Committee on Guidance for Establishing Crisis Standards of Care for Use in Disaster Situations
;
Institute of Medicine
.
Crisis Standards of Care: A Systems Framework for Catastrophic Disaster Response
.
Washington, DC
:
The National Academies Press
;
2012
. Available at: https://www.ncbi.nlm.nih.gov/books/NBK201063/pdf/Bookshelf_NBK201063.pdf. Accessed July 24, 2017
36
Altman
RL
,
Santucci
KA
,
Anderson
MR
,
McDonnell
WM
; Committee on Medical Liability and Risk Management
.
Understanding liability risks and protections for pediatric providers during disasters.
Pediatrics
.
2019
;
143
(
3
):
e20183892
37
Barnett
DJ
,
Taylor
HA
,
Hodge
JG
 Jr
,
Links
JM
.
Resource allocation on the frontlines of public health preparedness and response: report of a summit on legal and ethical issues.
Public Health Rep
.
2009
;
124
(
2
):
295
303
[PubMed]
38
Antommaria
AH
,
Kaziny
BD
.
Ethical issues in pediatric emergency medicine’s preparation for and response to disasters.
Virtual Mentor
.
2012
;
14
(
10
):
801
804
[PubMed]
39
Altevogt
BM
,
Stroud
C
,
Hanson
SL
,
Hanfling
D
,
Gostin
LO
, eds;
Committee on Guidance for Establishing Standards of Care for Use in Disaster Situations
;
Institute of Medicine
.
Guidance for Establishing Crisis Standards of Care for Use in Disaster Situations: A Letter Report
.
Washington, DC
:
The National Academies Press
;
2009
. Available at: https://www.ncbi.nlm.nih.gov/books/NBK219958/pdf/Bookshelf_NBK219958.pdf. Accessed July 24, 2017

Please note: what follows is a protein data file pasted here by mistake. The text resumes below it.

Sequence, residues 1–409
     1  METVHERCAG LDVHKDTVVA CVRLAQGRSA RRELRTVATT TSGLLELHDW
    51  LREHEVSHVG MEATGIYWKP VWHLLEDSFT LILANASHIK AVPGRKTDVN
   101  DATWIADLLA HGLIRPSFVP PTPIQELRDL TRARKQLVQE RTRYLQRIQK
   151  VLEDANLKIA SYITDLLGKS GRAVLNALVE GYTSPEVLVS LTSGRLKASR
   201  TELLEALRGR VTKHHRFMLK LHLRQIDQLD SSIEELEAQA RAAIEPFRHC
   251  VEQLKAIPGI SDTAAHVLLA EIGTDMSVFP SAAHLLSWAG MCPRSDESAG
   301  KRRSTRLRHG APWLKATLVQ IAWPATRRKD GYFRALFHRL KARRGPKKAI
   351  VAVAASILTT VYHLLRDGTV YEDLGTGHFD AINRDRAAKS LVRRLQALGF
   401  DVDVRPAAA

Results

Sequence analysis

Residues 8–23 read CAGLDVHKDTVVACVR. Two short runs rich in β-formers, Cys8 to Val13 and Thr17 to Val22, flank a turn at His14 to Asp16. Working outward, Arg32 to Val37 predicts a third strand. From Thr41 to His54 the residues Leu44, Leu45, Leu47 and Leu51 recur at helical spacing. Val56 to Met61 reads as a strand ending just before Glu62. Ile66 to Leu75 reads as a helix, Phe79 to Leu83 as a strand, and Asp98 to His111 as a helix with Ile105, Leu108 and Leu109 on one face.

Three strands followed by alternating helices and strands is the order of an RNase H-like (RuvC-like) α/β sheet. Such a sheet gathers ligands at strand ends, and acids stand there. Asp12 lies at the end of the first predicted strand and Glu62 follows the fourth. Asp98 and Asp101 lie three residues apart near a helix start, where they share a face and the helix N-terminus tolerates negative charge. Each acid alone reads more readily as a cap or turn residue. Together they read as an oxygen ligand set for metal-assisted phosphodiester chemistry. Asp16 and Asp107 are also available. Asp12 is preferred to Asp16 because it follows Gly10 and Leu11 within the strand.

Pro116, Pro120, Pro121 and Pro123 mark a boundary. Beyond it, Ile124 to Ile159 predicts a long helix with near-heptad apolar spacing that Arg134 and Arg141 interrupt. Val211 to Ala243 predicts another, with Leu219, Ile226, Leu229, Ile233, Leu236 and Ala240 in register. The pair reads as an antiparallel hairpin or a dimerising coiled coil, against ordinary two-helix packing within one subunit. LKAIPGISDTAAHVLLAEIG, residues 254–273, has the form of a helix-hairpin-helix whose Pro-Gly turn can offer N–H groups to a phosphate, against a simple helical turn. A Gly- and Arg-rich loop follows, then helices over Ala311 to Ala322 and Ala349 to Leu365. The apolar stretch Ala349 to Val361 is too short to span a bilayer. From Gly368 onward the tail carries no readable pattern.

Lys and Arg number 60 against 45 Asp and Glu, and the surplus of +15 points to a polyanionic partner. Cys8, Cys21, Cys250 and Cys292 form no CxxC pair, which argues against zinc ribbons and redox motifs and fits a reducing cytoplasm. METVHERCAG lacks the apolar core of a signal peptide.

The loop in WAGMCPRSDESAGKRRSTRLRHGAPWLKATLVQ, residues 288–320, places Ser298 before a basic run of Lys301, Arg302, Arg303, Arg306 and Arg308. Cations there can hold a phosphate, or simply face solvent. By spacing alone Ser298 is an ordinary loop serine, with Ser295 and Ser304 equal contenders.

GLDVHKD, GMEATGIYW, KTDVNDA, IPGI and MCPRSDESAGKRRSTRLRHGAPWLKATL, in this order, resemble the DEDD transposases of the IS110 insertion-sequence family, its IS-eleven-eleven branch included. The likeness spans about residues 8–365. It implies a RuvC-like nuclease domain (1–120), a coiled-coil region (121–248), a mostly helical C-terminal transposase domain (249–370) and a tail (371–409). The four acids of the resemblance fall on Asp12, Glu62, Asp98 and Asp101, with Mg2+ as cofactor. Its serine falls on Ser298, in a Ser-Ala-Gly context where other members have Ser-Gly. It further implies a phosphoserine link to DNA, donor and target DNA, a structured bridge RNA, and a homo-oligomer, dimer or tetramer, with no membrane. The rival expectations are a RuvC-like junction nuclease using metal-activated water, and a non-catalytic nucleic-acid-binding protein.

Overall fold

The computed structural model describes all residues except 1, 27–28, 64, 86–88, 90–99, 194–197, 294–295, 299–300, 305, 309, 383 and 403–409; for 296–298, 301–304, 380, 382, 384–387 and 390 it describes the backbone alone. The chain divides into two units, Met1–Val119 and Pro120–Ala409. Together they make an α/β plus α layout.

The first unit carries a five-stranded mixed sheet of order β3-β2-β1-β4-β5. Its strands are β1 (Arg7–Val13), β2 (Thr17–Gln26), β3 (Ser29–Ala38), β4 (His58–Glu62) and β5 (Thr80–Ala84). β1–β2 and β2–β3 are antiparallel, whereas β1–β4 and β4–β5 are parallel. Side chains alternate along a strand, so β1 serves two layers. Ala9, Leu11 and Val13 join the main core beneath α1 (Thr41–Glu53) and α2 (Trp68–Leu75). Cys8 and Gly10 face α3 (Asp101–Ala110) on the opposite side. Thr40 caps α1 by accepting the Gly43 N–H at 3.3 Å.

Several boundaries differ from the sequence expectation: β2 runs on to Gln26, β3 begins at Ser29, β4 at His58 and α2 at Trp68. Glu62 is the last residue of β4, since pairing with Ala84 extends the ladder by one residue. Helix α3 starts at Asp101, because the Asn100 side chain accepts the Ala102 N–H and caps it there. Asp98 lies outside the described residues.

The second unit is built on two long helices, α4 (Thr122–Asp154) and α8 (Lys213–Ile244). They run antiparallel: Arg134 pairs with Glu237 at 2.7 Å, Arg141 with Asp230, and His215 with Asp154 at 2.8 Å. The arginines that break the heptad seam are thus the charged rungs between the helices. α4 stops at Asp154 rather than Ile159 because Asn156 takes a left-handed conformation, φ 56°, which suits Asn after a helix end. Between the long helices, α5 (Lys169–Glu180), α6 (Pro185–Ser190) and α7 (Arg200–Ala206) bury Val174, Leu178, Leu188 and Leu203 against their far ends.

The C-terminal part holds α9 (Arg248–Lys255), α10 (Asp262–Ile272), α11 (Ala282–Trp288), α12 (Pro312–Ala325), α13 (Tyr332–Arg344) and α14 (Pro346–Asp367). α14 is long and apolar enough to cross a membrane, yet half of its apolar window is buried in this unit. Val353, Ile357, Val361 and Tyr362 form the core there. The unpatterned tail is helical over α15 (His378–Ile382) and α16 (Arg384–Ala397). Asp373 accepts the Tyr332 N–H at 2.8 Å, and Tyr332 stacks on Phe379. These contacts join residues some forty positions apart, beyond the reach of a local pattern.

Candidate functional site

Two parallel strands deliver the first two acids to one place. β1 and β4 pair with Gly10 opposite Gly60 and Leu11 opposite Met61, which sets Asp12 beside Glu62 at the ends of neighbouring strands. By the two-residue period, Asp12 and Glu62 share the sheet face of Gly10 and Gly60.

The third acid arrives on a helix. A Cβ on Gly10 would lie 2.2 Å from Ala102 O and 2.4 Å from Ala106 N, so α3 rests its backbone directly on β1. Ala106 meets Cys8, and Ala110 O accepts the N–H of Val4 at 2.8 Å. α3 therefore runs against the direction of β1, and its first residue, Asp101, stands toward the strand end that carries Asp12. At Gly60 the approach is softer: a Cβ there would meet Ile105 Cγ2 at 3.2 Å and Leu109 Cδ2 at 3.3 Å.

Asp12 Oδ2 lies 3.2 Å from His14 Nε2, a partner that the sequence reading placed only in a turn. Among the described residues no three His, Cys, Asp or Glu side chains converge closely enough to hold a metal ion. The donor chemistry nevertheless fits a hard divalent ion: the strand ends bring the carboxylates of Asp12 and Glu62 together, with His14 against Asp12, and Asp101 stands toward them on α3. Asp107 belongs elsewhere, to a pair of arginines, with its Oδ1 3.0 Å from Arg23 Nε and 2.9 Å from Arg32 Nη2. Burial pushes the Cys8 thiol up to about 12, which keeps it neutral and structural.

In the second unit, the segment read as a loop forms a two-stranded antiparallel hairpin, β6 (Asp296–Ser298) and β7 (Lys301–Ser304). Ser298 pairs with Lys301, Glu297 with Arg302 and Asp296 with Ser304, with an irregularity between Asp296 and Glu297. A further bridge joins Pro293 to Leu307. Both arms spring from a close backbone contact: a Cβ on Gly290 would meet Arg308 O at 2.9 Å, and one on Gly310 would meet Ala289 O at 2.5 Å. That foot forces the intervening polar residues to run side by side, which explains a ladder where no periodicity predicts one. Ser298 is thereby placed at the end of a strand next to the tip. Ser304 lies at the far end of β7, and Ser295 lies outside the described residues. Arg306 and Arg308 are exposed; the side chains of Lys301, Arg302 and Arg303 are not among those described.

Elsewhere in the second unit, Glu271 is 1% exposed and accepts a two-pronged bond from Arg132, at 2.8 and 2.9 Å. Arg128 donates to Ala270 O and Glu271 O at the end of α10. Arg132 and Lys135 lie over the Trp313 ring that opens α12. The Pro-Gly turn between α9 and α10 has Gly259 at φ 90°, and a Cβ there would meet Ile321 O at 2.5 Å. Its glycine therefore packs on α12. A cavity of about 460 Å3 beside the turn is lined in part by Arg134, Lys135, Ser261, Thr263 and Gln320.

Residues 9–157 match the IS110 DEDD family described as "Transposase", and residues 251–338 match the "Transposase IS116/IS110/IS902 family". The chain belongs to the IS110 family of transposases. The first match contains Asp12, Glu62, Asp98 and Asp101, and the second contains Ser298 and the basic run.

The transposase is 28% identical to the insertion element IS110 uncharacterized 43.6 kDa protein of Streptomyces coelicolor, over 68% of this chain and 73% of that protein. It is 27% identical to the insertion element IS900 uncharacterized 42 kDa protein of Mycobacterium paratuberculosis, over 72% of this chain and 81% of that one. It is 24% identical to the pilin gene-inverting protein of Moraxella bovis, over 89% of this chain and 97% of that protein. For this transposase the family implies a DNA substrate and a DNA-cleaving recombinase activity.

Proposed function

40
Mace
SE
,
Sharieff
G
,
Bern
A
, et al
.
Pediatric issues in disaster management, part 2: evacuation centers and family separation/reunification.
Am J Disaster Med
.
2010
;
5
(
3
):
149
161
[PubMed]
41
Weiner
DL
,
Manzi
SF
,
Waltzman
ML
,
Morin
M
,
Meginniss
A
,
Fleisher
GR
.
FEMA’s organized response with a pediatric subspecialty team: the National Disaster Medical System response: a pediatric perspective.
Pediatrics
.
2006
;
117
(
5, pt 3
):
S405
S411
[PubMed]
42
Roszak
AR
,
Jensen
FR
,
Wild
RE
,
Yeskey
K
,
Handrigan
MT
.
Implications of the Emergency Medical Treatment and Labor Act (EMTALA) during public health emergencies and on alternate sites of care.
Disaster Med Public Health Prep
.
2009
;
3
(
suppl 2
):
S172
S175
[PubMed]
43
Iserson
KV
,
Moskop
JC
.
Triage in medicine, part I: concept, history, and types.
Ann Emerg Med
.
2007
;
49
(
3
):
275
281
[PubMed]
44
Markovitz
BP
.
Pediatric critical care surge capacity.
J Trauma
.
2009
;
67
(
suppl 2
):
S140
S142
[PubMed]
45
Zoraster
RM
,
Burkle
CM
.
Disaster documentation for the clinician.
Disaster Med Public Health Prep
.
2013
;
7
(
4
):
354
360
[PubMed]
46
Cohen
R
,
Murphy
B
,
Ahern
T
,
Hackel
A
.
Regional disaster planning for neonatology.
J Perinatol
.
2010
;
30
(
11
):
709
711
[PubMed]
47
Eddy
A
.
First responder and physician liability during an emergency.
Am J Disaster Med
.
2013
;
8
(
4
):
267
272
48
Hoffman
S
,
Goodman
RA
,
Stier
DD
.
Law, liability, and public health emergencies.
Disaster Med Public Health Prep
.
2009
;
3
(
2
):
117
125
[PubMed]
49
Williams
SP
,
Boyd
HS
.
Is there much limited legal liability protection for physicians in crisis standards of care in SC?
J S C Med Assoc
.
2011
;
107
(
3
):
96
98
[PubMed]
50
Schonfeld
DJ
,
Demaria
T
;
Disaster Preparedness Advisory Council
;
Committee on Psychosocial Aspects of Child and Family Health
.
Providing psychosocial support to children and families in the aftermath of disasters and crises.
Pediatrics
.
2015
;
136
(
4
). Available at: www.pediatrics.org/cgi/content/full/136/4/e1120
[PubMed]
51
Rutkow
L
,
Vernick
JS
,
Wissow
LS
,
Tung
GJ
,
Marum
F
,
Barnett
DJ
.
Legal issues affecting children with preexisting conditions during public health emergencies.
Biosecur Bioterror
.
2013
;
11
(
2
):
89
95
[PubMed]
52
Fanaroff
JM
;
Committee on Medical Liability and Risk Management
.